Pepper spray, which prisoners call 'gas,' is made from cayenne peppers and causes temporary blindness and restricted breathing for up to an hour when sprayed in the face.

"I've seen a marked deterioration in the mental state of my clients since the move from Ellis," said Austin lawyer Gary Taylor, who represents several death row inmates.

"The attitude among most Texans is they don't want convicted murderers living in a country club. But many would be appalled if they knew what is going on," he said.

Texas Department of Corrections spokesman Larry Fitzgerald said prisoners could no longer work or meet because some had used those privileges to plan the 1998 breakout.


As to the food, he said, "The same meals are served in the officers' dining room. I eat them myself."

He said prisoner counts were done frequently day and night for security reasons and pepper spray was used "only when warranted on an individual basis."

In his letters, Pippin described a 15-day lockdown that started Nov. 16 during which prisoners were deprived of hot meals, regular showers, denied recreation and were often not given clean clothes or towels. He said his cell frequently floods with rain water as well as toilet run-off.

The lockdown followed the Nov. 15 execution of Emerson Rudd, who resisted guards and had to be subdued with pepper spray on his final day.

In one letter to Bailey, Pippin wrote: "Skinner (an inmate) got gassed today. They harass him daily, sometimes several times a day."

In another letter: "They tried to get DW (another prisoner) out to search his cell and had to run in, gas, suit up etc. That gas is a tough one even out in the open. I don't know how he keeps handling it. Two times in three hours..."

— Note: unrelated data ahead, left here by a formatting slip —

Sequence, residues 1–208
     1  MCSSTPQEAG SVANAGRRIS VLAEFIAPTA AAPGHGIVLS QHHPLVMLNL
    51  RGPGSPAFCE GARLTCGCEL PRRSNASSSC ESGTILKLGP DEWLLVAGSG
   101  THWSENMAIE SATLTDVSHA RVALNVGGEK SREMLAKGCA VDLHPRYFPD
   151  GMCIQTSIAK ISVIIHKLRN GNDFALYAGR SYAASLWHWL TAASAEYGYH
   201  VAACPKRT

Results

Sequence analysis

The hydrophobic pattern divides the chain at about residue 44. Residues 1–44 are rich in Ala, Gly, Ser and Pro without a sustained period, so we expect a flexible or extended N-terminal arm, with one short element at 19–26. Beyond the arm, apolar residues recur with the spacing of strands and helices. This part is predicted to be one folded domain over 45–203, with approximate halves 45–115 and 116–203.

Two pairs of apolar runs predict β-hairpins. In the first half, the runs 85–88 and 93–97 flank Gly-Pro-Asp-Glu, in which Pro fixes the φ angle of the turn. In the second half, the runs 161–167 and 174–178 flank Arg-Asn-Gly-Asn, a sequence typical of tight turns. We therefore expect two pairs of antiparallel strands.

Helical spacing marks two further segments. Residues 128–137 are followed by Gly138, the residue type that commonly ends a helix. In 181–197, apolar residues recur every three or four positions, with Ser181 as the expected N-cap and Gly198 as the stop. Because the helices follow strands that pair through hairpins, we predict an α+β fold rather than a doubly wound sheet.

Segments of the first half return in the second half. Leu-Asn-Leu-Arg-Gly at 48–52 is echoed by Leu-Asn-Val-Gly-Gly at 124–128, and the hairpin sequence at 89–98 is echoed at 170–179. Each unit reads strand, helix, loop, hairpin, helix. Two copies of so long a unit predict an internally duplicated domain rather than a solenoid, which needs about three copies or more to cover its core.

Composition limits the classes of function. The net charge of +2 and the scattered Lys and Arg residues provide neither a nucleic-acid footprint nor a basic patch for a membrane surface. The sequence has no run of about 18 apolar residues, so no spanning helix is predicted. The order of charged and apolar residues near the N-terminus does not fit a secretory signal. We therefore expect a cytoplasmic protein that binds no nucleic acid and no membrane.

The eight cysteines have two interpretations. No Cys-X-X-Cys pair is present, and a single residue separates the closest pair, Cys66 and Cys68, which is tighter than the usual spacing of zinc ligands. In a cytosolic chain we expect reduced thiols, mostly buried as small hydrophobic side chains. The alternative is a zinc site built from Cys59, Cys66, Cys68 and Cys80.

In another: "They had to suit up, hose down, gas and run in on Weatfall (an inmate) in C rec room already today. The gas didn't reach over here too bad."

In another: "My cell was flooded again at 5 am. I got a towel to mop it up at noon ... Twice as much water as last time. Cells 18, 19, 20 and 21 all flood each time it rains or the runs get flooded."

Halperin alleged that one prisoner, Eddie Rowton, died of a heart attack last July after pleading with guards for medical attention for two days.

Fitzgerald said in a statement that prison personnel began cardiopulmonary resuscitation as soon as they were aware of a problem and transferred Rowton to the hospital where he was pronounced dead.

There are 454 people currently on death row in Texas -- 447 men and 7 women. Last year, the state executed 17 people by lethal injection the previous three years it had put to death 95 people, and Texas has 10 people scheduled for execution in the first four months of this year.

In accordance with Title 17 U.S.C. section 107, this material is
distributed without charge or profit to those who have expressed an
interest in receiving this type of information for non-profit
research and educational purposes only.